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Baboon Cells Fail to Grow in AIDS Patient, Doctors Say


An experimental baboon bone marrow transplant performed in December in an effort to prolong the life of a San Francisco AIDS activist has apparently failed, but the patient nevertheless remains in remarkably good health, physicians said Wednesday.

The results have convinced researchers to be "more aggressive" with the next transplant they undertake, said Dr. Steven Deeks, the UC San Francisco physician who performed the Dec. 14 procedure.

A series of blood tests performed on Jeff Getty, 38, over the past few weeks have failed to show the presence of baboon cells, a strong indication that the transplant did not take, said Deeks.

"The tests [for the baboon cells] are experimental and difficult to do," Deeks said, "but clearly, if there were any significant amount present, we would know by now."

Nonetheless, Deeks added, "Jeff is doing extremely well. Clinically, his health is as good as it has been in a couple of years."

Deeks and his colleagues are not certain why Getty's health has improved, but they suspect that it may have been the result of radiation therapy used in preparing him for the transplant.

In a statement released by Project Inform, Getty said, "I am very pleased with the results of the experiment. I feel great. . . . My immunological health hasn't looked this good since 1989."

Deeks also emphasized that the experiment had reached one other goal: to demonstrate that it was safe, both for Getty and for the public health. Critics had feared that transplanting baboon organs into a human would lead to the transmission of potentially deadly animal viruses into the general population. That has apparently not happened.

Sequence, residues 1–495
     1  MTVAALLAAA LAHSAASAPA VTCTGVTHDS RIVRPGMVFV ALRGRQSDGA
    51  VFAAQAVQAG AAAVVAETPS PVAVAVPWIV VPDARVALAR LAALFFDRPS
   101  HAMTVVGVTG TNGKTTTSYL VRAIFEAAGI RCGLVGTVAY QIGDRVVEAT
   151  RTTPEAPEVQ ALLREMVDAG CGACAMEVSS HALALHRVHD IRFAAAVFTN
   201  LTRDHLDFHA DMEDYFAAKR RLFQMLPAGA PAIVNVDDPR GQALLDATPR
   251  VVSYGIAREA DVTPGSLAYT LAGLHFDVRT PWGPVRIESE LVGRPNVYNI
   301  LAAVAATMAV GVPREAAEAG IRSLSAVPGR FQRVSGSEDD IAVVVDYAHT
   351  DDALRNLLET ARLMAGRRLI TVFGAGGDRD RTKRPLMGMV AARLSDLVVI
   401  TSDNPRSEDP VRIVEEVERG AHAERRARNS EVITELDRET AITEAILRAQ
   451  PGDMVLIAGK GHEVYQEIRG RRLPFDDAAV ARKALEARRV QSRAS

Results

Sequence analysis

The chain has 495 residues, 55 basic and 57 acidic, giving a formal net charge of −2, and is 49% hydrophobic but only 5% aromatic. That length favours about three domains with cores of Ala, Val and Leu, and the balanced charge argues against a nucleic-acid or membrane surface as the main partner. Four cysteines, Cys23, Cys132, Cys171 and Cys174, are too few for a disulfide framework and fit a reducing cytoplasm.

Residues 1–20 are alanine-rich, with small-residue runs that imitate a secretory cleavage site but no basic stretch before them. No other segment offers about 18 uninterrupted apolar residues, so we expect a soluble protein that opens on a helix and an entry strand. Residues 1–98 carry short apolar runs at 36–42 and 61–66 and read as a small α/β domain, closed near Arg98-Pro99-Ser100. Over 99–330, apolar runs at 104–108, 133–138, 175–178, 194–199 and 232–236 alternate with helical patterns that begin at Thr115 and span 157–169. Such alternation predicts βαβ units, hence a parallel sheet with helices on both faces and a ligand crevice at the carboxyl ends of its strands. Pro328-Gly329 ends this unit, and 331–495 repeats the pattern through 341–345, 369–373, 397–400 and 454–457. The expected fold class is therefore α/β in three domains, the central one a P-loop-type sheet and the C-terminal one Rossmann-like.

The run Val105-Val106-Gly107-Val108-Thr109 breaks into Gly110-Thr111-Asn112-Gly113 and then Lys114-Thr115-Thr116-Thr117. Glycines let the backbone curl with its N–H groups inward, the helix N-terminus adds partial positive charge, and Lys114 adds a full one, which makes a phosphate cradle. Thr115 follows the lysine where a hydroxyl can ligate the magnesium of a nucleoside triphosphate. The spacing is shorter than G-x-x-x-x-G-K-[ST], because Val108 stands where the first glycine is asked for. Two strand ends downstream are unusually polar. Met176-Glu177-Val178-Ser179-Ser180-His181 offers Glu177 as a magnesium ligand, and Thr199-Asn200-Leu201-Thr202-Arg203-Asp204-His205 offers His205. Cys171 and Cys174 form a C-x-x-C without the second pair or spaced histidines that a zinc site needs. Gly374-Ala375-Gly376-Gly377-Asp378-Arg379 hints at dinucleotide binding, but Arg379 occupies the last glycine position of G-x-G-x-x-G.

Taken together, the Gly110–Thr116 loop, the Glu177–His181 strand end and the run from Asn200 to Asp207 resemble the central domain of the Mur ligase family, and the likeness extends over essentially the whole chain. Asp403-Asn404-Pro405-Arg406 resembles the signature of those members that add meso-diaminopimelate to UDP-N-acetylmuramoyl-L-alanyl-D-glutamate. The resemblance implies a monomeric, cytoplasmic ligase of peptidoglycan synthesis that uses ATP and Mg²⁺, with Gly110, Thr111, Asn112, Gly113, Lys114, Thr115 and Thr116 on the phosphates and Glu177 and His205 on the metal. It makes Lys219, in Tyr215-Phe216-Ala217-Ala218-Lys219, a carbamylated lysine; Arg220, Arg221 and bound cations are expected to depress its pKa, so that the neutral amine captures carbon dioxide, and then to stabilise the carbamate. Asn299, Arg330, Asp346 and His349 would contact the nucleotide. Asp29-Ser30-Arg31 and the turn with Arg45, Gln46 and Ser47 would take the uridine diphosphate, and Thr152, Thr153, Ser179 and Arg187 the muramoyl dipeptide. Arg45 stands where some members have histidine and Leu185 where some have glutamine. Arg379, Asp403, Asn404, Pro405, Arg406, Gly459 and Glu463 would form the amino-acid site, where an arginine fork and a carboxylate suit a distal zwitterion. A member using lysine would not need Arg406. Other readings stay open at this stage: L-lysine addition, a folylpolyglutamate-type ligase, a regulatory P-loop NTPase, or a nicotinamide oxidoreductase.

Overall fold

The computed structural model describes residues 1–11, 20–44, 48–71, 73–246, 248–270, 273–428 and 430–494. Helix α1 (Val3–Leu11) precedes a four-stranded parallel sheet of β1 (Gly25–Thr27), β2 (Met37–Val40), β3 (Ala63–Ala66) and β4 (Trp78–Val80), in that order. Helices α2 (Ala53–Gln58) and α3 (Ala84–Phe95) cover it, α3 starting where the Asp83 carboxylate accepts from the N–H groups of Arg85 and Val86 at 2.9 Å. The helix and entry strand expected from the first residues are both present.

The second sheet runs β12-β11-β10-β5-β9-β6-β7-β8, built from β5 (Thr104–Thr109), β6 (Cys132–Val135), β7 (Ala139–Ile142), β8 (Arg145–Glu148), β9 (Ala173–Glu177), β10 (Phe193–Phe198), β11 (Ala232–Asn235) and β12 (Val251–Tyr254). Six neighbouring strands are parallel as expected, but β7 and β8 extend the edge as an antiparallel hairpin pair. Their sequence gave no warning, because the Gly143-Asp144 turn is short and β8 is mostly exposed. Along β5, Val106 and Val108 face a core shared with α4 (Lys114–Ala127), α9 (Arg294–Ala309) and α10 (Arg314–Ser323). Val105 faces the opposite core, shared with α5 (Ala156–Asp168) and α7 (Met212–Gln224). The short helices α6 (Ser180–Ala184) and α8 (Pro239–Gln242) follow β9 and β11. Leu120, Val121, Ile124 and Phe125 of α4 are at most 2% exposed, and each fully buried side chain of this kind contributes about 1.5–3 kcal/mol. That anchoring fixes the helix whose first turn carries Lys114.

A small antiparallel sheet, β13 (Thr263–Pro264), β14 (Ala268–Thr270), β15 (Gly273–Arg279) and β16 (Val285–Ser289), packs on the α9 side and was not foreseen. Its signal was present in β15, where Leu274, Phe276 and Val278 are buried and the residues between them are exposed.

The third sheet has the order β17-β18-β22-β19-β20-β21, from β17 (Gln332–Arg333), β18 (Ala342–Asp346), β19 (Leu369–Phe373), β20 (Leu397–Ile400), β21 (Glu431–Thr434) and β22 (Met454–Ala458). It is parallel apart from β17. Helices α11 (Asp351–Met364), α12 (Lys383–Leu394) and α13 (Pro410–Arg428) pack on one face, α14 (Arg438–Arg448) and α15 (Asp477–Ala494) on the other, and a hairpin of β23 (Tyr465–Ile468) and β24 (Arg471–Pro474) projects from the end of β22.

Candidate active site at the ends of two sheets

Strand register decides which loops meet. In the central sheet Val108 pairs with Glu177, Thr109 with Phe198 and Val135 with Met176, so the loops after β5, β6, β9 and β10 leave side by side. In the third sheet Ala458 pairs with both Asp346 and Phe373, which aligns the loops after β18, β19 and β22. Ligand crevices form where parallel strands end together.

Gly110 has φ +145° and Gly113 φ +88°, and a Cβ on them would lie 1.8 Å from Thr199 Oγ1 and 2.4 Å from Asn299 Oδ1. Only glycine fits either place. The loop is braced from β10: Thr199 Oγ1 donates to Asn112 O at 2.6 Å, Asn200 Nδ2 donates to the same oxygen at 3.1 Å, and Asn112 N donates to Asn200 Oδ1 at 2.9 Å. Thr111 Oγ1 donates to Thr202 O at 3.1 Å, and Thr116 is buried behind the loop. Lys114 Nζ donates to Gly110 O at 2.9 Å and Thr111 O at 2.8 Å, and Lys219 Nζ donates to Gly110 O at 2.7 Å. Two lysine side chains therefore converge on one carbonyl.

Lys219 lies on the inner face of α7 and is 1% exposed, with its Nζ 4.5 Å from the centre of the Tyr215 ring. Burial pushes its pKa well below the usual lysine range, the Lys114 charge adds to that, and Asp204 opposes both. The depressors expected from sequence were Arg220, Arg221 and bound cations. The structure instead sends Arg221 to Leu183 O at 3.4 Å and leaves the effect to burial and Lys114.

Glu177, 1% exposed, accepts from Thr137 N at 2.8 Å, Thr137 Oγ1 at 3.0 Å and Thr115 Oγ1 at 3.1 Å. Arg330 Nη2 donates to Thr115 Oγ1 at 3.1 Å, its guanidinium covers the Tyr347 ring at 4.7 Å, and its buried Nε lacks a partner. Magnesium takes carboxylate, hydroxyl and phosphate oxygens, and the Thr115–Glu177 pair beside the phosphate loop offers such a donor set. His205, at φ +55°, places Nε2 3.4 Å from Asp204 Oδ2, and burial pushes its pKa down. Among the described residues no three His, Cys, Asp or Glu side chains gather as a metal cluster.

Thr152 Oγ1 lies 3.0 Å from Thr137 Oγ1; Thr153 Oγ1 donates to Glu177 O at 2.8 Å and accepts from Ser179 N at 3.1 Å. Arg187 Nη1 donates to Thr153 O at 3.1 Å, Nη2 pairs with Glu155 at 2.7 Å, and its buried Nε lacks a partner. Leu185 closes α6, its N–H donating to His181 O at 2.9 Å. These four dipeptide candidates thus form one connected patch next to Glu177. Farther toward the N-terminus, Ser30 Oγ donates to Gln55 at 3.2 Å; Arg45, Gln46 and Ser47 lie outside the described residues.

Although the Centers for Disease Control and Prevention are still conducting some testing, Deeks said, "We have not seen any baboon viruses in Jeff."

The experimental transplant, using techniques devised by Dr. Suzanne Ildstad of the University of Pittsburgh Medical Center, was attempted because baboons normally cannot be infected with the AIDS virus. The hope was that the baboon bone marrow would establish itself in Getty's body and provide him with a parallel immune system that would help him fight off infections.

But they found no trace of baboon white cells in Getty's marrow. Nevertheless, Deeks said he does not consider the transplant to be a failure. "Our plan initially was to err on the conservative side," he said. "We gave him very low doses of chemotherapy and radiation therapy with the goal of doing no harm." The radiation and drugs were designed to kill off some of Getty's own bone marrow and thereby make room for the baboon marrow.

Apparently, Deeks speculated, they did not kill off enough of Getty's marrow cells. If another patient receives the therapy--a decision that will be made in four to six months--"we'll use a more aggressive therapy up front and will have a better chance of getting the cells to take."

On the day of the transplant, Getty received low doses of radiation directed at circulating bone marrow cells in his lymph nodes. Those nodes are where most T cells--the white blood cells attacked by HIV--accumulate in the body and are the primary sites of HIV replication.

"By turning off the T cells, we could be turning off viral replication, which could theoretically provide some of the benefit we are seeing now with Jeff," Deeks said.

As soon as possible, he added, they will try using radiation to treat primates infected with HIV to determine if that is really what happened.

Deeks noted that the team is making the results public before a formal publication because Getty is such a well-known figure in San Francisco. "People were getting the false hope that he has been cured," he said, "and we need to put those false hopes and false optimism to rest."

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